Parkinson's disease is progressive neurological condition, it doesn't directly cause people to die, but symptoms do get worse over time.
Parkinson's disease affects one in every 500 people, which equates to about 127,000 people in the UK.
Although most people with Parkinson's start to develop symptoms after reaching 50, around 1 in 20 people experience symptoms when they are under 40. This is known as early-onset Parkinson's disease.
Diagnosis of Parkinson's disease can be very upsetting, however, most people stay reasonably active living with the condition.
For some people, the illness is debilitating as it progresses, and they will need help with washing, eating and dressing.
It is thought between 50 and 80 percent of people with Parkinson’s disease will go on to develop Parkinson's dementia (10-15 years post diagnosis).
Planning for the progression of Parkinson's is something that should be considered both for yourself and the benefit of your loved ones. You may find your affairs need to be managed by someone you trust as the illness advances.
Parkinson's disease is caused by low levels of the chemical dopamine in the brain. Dopamine is a chemical messenger (neurotransmitter) which makes other parts of the brain that coordinate movement work properly.
The level of dopamine in the brain is linked with the levels of other chemicals, including acetylcholine. Low levels of dopamine and changes in acetylcholine and other chemicals cause the symptoms of Parkinson's disease.
Symptoms of Parkinson's disease
The symptoms of Parkinson's disease often start on one side of the body first and then affect both sides.
The main symptoms are:
· Shaking - usually one of the first symptoms and affects most people with Parkinson's disease. It often starts in the hand and then usually affects the arms and legs, but sometimes also the head and jaw;
· Stiffness - difficulty moving the limbs;
· Slow movement - people with Parkinson's disease often walk with a slow shuffle;
· Problems with posture and balance;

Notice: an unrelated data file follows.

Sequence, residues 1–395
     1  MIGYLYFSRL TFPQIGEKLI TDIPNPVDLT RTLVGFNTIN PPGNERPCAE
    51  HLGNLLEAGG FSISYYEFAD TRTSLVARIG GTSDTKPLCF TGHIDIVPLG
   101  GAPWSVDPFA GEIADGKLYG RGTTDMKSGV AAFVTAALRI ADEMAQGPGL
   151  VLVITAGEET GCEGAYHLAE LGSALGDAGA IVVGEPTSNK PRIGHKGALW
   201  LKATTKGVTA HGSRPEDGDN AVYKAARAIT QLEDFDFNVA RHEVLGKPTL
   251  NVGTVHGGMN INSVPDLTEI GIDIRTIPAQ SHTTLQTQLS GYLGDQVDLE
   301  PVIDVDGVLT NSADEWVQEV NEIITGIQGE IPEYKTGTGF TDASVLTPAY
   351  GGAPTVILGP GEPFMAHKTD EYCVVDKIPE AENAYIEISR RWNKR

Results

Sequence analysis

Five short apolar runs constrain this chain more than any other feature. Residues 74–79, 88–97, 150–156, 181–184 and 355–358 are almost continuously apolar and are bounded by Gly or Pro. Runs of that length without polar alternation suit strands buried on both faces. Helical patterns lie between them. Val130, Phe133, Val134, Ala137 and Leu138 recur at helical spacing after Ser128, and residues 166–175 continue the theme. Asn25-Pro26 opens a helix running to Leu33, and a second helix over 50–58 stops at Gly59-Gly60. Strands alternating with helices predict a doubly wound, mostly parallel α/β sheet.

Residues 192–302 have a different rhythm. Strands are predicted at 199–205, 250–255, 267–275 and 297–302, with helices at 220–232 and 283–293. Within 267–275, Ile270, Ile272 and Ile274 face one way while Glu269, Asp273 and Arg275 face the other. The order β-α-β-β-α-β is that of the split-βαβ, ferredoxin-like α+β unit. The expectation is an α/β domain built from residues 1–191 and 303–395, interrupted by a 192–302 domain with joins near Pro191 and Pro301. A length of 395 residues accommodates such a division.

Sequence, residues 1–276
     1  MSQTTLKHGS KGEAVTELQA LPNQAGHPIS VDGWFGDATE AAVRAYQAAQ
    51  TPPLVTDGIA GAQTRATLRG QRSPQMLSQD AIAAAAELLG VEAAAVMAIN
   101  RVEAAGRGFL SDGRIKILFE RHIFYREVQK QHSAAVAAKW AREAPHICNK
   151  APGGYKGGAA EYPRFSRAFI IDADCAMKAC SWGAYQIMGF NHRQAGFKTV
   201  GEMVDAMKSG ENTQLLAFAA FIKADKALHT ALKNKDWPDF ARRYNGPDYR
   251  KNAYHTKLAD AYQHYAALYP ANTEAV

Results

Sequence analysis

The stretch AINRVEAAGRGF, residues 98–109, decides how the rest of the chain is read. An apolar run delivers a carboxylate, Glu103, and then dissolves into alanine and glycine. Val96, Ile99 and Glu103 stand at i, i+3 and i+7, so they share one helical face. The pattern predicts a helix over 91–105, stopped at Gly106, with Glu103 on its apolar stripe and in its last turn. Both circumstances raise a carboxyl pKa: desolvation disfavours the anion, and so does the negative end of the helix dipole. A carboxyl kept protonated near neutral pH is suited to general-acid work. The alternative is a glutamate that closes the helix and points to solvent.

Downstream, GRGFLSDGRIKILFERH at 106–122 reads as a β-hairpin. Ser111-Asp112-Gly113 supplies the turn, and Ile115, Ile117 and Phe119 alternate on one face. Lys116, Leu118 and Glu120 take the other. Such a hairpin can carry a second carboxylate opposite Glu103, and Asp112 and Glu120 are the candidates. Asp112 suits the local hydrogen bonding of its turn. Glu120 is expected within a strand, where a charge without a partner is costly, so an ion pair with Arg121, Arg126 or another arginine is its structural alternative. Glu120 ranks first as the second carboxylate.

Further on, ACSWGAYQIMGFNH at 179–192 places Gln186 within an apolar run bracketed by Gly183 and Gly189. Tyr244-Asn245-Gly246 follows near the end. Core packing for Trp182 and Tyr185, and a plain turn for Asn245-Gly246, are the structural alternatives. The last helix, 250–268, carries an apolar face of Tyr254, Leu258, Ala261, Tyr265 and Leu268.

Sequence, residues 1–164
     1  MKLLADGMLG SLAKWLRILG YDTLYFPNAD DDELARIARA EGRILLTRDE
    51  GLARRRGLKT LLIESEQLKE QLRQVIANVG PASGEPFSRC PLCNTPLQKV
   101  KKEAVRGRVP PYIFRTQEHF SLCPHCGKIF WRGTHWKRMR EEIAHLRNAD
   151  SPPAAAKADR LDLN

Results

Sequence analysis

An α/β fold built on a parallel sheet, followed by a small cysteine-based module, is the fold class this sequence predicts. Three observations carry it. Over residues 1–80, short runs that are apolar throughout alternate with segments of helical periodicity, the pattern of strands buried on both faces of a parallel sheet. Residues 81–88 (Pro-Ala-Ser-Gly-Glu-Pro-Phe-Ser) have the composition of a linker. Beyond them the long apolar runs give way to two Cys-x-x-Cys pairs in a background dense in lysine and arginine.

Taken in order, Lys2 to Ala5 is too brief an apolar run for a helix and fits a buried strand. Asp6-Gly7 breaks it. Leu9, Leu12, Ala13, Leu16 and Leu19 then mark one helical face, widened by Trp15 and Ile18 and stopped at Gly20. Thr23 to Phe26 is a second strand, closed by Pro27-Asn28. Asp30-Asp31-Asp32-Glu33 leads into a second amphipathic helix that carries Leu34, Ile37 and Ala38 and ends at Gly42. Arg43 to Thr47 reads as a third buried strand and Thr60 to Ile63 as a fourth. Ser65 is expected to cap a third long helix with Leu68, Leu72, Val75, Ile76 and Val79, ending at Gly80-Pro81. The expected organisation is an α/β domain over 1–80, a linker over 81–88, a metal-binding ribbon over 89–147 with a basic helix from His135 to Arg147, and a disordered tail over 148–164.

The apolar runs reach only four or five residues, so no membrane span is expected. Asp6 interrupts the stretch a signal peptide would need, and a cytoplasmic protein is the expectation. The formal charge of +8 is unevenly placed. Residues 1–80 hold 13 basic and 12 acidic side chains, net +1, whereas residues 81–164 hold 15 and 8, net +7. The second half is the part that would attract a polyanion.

· Speech may become quiet or rapid;
· Loss of facial expression;
· Small handwriting;
· Depression and anxiety;
· Bowel and bladder problems - constipation and the need to urinate often;
· Increased saliva and sweating;
· Sleep problems and tiredness.
Diagnosis of Parkinson's disease
If your GP thinks you might have Parkinson's disease, he or she will refer you to a neurologist or a geriatrician.
There is no single test for Parkinson's disease. Diagnosis is based on identifying the Parkinson's disease symptoms and ruling out their cause by other conditions.
Blood tests and scans can be used in this process.
Some medications, including those used to treat mental illness, can have side effects that produce symptoms similar to Parkinson's disease (Parkinsonism).
If diagnosed with Parkinson's disease, you should see the specialist doctor once or twice a year.
Treatment is aimed at restoring the levels of dopamine in the brain and controlling symptoms.
The symptoms and progression of Parkinson's disease are different for each person. Your doctor will help you to decide which treatment is best for you depending on your symptoms and needs.
Medicines that replace dopamine are the most effective treatment. These are combinations of levodopa, which breaks down to form dopamine, and a chemical that delivers levodopa to the brain.
There are some side-effects such as feeling sick, vomiting and sudden drowsiness.
They can also cause long-term problems such as involuntary movements of the face and limbs.
Over time these medicines may become less reliable, with symptoms suddenly fluctuating.
Dopamine agonists are medicines that mimic the action of dopamine.
They are usually taken with levodopa or before using levodopa. Side-effects of dopamine agonists can include feeling sick, constipation, headache and sudden sleepiness.
COMT (catechol O-methyl transferase) inhibitors are a new type of medicines that stop the breakdown of dopamine.
These are used with levodopa and are usually given when the patient has had Parkinson's disease for some time and when dopamine replacement medicines start to lose their effectiveness. They can affect the liver.
Amantadine acts like a dopamine replacement medicine but works on different sites in the brain. It has few side-effects, but is only used in the early stages of the disease.
If medicines are no longer helping, deep brain stimulation may be suggested.
This is when electrodes are placed in the brain in the areas important in controlling movement. They are connected to a pulse generator placed under the skin of the chest.
Tiny electrical currents sent from the pulse generator to the brain may reduce symptoms of Parkinson's disease.
Other therapies for managing and coping with Parkinson's disease include physiotherapy, speech therapy and occupational therapy.
Parkinson's UK, formerly The Parkinson's Disease Society, is the UK's leading charity helping and supporting people with Parkinson's, their families, friends and carers.